Working out after a long day of work can sound daunting and exhausting. Lack of time or no access to the gym are the two most common excuses we use to avoid exercise. Now, researchers at McMaster University in Ontario, Canada, suggest taking the stairs 30 minutes a week can give our body a good workout.

“Stair climbing is a form of exercise anyone can do in their own home, after work or during the lunch hour,” said Martin Gibala, a professor of kinesiology at McMaster and lead author on the study, in a statement.

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Stair Climbing is a rigorous activity that can help keep us in shape. Previous research has found climbing stairs can burn calories two to three times faster than walking briskly on the level. In the study, researchers monitored 17 healthy male volunteers with an average age of 64 to walk, lift weights, or climb stairs; stair climbing was the most demanding. It was twice as taxing as brisk walking on the level, and 50 percent harder than walking up a steep incline or lifting weights. Participants reached peak exertion much faster climbing stairs than walking, which is why we huff and puff going up the stairs.

In the new study, published in Medicine & Science in Sports & Exercise, Gibala and her colleagues sought to determine if sprint interval training (SIT) — brief bursts of vigorous exercise separated by short periods of recovery — is effective and time-efficient alternative to improve overall fitness. A total of 31 sedentary, but otherwise healthy women were divided into two separate groups, where each group committed to an exercise routine. Both groups were required to do a 10-minute session that included warm-ups, cool-downs, and recovery periods.

The first exercise routine required three sessions of 20-second stair climbing in an "all-out" manner. These results were then compared and contrasted to participants who ran through the same routine using an exercise bike. The bike has already been shown to improve fitness. In the second experiment, participants vigorously climbed up and down one flight of stairs for periods of 60 seconds, which is something that could easily be done at home. The groups were devoted to their exercising for a total of a month-and-a-half.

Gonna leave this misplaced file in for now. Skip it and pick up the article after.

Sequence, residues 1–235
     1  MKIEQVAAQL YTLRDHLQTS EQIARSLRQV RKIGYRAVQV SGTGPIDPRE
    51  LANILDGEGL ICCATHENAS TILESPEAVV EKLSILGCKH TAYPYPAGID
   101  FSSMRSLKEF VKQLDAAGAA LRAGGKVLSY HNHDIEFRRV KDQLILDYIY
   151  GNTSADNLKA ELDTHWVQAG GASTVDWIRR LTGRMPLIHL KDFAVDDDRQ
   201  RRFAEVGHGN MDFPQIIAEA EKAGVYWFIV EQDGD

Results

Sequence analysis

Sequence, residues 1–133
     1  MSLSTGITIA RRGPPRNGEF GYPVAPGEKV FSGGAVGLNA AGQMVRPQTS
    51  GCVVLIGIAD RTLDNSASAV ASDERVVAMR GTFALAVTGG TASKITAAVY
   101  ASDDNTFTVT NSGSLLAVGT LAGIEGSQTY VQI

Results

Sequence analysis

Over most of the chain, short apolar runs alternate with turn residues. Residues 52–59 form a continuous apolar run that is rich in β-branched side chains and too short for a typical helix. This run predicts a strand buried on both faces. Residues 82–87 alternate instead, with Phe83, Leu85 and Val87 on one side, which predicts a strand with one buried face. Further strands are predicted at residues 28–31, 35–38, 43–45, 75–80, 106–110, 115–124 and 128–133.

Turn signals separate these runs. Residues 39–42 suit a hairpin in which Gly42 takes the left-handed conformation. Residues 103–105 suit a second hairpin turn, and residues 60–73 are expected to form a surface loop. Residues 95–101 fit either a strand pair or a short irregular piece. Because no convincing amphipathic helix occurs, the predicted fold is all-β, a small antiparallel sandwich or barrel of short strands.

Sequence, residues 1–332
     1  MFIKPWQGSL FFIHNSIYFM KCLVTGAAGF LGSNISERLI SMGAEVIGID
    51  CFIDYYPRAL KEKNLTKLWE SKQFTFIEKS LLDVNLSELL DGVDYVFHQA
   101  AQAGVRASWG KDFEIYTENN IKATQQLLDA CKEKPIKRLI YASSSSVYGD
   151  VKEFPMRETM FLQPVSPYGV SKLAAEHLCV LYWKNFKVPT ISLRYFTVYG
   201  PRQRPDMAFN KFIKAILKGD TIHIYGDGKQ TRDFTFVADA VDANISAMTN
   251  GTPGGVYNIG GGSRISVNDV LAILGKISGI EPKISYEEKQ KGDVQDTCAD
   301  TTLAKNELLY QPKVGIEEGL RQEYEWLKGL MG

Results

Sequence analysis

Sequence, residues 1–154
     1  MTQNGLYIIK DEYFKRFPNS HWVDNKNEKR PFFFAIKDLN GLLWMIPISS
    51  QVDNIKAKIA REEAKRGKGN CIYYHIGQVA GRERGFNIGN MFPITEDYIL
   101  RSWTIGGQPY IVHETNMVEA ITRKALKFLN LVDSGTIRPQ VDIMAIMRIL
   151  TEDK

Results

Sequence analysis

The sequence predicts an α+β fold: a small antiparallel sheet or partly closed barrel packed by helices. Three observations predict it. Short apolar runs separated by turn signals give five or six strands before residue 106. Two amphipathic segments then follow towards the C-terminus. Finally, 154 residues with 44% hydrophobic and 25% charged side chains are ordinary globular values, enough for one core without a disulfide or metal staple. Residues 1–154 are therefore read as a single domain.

The findings revealed stair climbing led to an increase in cardiorespiratory fitness, a important healthy marker linked to longevity. Interval training works by fitting exercise into our life, rather than adjusting our schedule around exercise. Giabala, author of the book “The One Minute Workout” , claims 10 minutes of easy exercise with three 20-second sprints dispersed, is just as effective as 50 minutes of continuous, moderate effort.

Taking the stairs seems like a effortless way to get in cardio, without going to the gym, or realizing you're exercising.

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There are three other exercises we do that don't feel like exercise, which can get us in shape.


A 2015 study presented at the European Society of Cardiology Congress found just 25 minutes of brisk walking a day can add up to seven years of life. A group of 69 healthy, non-smokers, aged between 30 and 60, who did not take regular exercise were tested as part of the study at Saarland University in Germany. After six months of regular aerobic exercise, blood tests showed high-intensity interval training and strength training triggered an anti-aging process and helped repair old DNA.


Going up to the dance floor can be a whole-body workout that helps boost our heart health, making it stronger, and sharpening our balance and coordination. A 30-minute dance class can burn between 130 to 250 calories, which is approximately the same as jogging. The numbers can vary a lot, from less than 200 calories per hour for slow dances like tango; 350 calories for faster dancing like swing; and more than 500 calories for step aerobics dancing.

Playing An Instrument

A 2014 study found playing an instrument, like the violin, can help shed calories. Playing the violin for an hour, burns approximately 175 calories, or the equivalent of 1/2 a Snickers Bar or 2 glasses of wine. A person who weighs 110 pounds will burn 38 calories over the course of playing the violin for 30 minutes.

We can stay in shape by doing our favorite activities, without realizing we’re getting a workout.

Source: Allison MK, Bagole JH, Martin BJ et al. Brief Intense Stair Climbing Improves Cardiorespiratory Fitness. Brief Intense Stair Climbing Improves Cardiorespiratory Fitness. Medicine & Science in Sports & Exercise. 2017.

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